Background: Increased prevalence of overweight and obesity among Appalachian residents may contribute to increased cancer rates in this region. This manuscript describes the design, components, and participant baseline characteristics of a faith-based study to decrease overweight and obesity among Appalachian residents. Methods: A group randomized study design was used to assign 13 churches to an intervention to reduce overweight and obesity (Walk by Faith) and 15 churches to a cancer screening intervention (Ribbons of Faith). Church members with a body mass index (BMI) ≥. 25 were recruited from these churches in Appalachian counties in five states to participate in the study. A standard protocol was used to measure participant characteristics at baseline. The same protocol will be followed to obtain measurements after completion of the active intervention phase (12. months) and the sustainability phase (24. months). Primary outcome is change in BMI from baseline to 12. months. Secondary outcomes include changes in blood pressure, waist-to-hip ratio, and fruit and vegetable consumption, as well as intervention sustainability. Results: Church members (n. = 664) from 28 churches enrolled in the study. At baseline 64.3% of the participants were obese (BMI. ≥. 30), less than half (41.6%) reported regular exercise, and 85.5% reported consuming less than 5 servings of fruits and vegetables per day. Conclusions: Church members recruited to participate in a faith-based study across the Appalachian region reported high rates of unhealthy behaviors. We have demonstrated the feasibility of developing and recruiting participants to a faith-based intervention aimed at improving diet and increasing exercise among underserved populations.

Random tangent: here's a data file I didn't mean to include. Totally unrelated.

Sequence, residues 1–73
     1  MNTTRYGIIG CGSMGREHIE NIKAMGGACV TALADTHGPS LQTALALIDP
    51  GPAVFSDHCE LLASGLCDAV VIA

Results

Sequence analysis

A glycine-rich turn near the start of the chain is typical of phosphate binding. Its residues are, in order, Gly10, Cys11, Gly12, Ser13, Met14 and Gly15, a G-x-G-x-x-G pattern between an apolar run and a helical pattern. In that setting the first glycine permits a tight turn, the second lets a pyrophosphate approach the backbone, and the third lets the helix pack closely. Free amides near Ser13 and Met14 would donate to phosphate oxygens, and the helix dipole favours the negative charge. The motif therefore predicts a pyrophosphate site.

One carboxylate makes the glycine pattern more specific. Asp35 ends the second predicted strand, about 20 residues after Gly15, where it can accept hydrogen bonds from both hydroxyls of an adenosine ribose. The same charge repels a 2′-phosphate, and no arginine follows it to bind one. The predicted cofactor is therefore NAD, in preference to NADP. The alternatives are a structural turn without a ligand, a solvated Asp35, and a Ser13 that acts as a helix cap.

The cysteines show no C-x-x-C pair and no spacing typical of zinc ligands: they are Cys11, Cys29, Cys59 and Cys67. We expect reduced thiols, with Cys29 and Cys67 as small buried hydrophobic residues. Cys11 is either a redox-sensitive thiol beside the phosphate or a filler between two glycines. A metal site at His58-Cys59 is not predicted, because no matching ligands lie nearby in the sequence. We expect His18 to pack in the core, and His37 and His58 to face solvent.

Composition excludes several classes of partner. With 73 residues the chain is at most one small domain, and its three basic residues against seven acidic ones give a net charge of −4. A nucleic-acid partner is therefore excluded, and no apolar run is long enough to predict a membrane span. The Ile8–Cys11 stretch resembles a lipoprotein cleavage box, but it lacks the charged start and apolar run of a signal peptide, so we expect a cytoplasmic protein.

All Science Journal Classification (ASJC) codes
- Pharmacology (medical)